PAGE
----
I have been a member of the Department of Computer Science at the University of Utah since 1987. I do research into the application of computers to education, and I teach extensively at the undergraduate and graduate levels. As Director of Educational Programs, I have broad purview over the teaching mission of the department.
For the last five years I have been actively developing computer-based tools and curricula for teaching introductory programming courses, primarily to science and engineering students. The evolution of my thoughts on this subject can be traced via the volumes of computer-based instructional material I have developed, as well as via my recently-published textbook.
Introduction to Scientific Programming:
The book introduces programming using both Maple (a computer algebra system) and C. It uses Maple in its first half to introduce the computational properties of numbers; numerical, symbolic, and graphical programming; and programmer-defined functions. In the second half, it builds on the ideas introduced in the context of Maple to introduce procedural programming in the context of C.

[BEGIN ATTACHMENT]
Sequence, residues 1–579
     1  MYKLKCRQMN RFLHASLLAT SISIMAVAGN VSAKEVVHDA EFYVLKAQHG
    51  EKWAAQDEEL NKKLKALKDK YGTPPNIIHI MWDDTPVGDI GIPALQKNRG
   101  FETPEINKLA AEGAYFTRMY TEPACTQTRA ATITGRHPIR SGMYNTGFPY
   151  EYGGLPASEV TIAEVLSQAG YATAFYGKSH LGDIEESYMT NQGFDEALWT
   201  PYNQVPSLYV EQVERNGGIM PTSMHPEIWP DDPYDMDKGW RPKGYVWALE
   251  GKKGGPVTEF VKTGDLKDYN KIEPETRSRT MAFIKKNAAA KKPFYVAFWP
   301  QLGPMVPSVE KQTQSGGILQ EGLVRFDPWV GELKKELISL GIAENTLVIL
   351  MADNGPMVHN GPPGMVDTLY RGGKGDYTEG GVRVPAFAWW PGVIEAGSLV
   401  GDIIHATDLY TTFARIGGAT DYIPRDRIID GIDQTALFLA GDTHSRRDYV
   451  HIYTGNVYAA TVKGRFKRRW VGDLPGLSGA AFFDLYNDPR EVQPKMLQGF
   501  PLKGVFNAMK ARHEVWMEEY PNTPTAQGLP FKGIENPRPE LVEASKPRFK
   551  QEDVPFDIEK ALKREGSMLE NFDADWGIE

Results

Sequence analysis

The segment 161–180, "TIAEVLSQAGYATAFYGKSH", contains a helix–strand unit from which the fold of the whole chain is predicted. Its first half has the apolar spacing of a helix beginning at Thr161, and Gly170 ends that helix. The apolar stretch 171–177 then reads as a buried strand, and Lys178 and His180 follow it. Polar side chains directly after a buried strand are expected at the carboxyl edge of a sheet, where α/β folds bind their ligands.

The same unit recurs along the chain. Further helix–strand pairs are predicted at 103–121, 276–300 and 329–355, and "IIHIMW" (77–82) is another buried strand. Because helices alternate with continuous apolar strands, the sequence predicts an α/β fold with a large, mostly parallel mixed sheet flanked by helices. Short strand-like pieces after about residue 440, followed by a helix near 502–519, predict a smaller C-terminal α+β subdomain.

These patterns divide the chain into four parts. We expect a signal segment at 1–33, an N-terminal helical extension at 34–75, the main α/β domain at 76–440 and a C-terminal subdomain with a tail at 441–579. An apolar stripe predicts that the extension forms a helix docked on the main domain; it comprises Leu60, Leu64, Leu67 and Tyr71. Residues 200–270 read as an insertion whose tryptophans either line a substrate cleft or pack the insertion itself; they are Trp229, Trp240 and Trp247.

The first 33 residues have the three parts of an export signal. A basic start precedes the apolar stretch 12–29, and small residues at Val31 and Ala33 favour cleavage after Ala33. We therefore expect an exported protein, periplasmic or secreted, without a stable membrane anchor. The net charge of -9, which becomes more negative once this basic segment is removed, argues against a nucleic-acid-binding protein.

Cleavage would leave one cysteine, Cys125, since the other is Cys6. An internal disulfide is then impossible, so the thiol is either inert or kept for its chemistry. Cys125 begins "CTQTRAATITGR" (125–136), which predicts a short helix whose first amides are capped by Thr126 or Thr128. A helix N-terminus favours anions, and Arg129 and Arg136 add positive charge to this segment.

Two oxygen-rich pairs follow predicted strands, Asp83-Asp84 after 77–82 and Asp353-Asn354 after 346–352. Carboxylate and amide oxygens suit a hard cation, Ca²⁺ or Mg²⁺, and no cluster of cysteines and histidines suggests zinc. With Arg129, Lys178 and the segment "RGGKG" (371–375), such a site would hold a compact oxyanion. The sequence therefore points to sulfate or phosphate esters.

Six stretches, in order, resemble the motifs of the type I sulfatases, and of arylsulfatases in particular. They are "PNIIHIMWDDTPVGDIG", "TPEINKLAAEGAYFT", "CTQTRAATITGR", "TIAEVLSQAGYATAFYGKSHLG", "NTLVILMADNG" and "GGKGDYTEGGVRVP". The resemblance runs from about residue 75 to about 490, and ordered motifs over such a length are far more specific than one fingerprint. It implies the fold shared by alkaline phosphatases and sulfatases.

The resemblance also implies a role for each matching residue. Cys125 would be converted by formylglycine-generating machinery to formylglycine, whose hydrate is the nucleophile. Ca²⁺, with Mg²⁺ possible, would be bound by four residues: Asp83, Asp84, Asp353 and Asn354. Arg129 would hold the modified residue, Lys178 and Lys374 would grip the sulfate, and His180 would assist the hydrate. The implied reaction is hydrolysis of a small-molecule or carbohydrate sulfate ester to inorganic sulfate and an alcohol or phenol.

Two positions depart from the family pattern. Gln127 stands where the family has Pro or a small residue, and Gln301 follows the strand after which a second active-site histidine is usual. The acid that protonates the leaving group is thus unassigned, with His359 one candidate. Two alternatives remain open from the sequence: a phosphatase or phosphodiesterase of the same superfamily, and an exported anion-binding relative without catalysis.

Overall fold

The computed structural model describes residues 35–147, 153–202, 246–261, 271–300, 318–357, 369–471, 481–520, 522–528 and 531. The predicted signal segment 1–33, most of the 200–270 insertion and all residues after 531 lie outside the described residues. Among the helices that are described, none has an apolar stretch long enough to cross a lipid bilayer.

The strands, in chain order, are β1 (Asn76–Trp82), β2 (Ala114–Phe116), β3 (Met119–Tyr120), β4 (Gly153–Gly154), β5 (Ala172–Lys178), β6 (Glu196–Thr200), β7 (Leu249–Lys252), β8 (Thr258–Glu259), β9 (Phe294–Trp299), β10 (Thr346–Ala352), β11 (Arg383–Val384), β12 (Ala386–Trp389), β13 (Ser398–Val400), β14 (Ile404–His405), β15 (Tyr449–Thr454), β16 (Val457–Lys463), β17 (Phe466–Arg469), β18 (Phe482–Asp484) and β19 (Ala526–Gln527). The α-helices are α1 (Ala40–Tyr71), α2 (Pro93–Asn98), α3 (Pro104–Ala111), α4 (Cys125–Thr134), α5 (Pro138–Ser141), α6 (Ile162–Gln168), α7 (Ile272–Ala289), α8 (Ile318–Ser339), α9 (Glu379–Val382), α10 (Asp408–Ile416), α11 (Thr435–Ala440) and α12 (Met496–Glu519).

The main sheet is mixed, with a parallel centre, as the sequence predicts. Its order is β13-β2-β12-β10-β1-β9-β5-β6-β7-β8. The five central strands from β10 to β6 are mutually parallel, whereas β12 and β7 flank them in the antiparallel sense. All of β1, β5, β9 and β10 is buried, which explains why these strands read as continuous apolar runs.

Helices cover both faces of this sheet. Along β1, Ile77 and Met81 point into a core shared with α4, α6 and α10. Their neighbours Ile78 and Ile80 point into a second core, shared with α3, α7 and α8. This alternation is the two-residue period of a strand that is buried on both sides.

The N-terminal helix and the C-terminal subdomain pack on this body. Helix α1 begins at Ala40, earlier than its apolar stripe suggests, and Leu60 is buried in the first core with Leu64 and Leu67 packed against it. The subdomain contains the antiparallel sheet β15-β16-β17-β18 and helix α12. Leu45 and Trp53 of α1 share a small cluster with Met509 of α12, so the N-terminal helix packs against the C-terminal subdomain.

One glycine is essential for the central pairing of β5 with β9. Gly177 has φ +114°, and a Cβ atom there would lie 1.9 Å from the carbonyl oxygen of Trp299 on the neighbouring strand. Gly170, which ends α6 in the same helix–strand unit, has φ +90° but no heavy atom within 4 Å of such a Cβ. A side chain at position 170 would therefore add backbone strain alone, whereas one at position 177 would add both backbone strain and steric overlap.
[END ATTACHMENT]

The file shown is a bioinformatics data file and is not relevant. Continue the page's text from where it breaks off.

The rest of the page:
Each chapter is organized around the solution of a simple but realistic problem from science or engineering. The solution of each problem is divided into five steps: problem, model, method, implementation, and assessment. Since my book is primarily an introduction to programming, the focus tends to be on implementation, but I make sure that students can appreciate the context in which computational problem solving occurs.
My students and I have developed a variety of online resources that support the book. The available resources include Java-enhanced HTML-based tutorials, Maple worksheet-based tutorials, Maple libraries, and C programs. These resources can be used to create laboratory experiences for students.
The Hamlet Project
I head the Hamlet Project, a research group that develops and experiments with online instructional support for introductory computer science classes. Over the last five years we have experimented with a variety of technologies. We are currently focusing on HTML-based tutorials that exploit Java applets to interactive illustrate key ideas.
The applet whose image appears above, for example, is used in a tutorial on the physical principle of center-of-gravity.
The online course materials that we have developed include: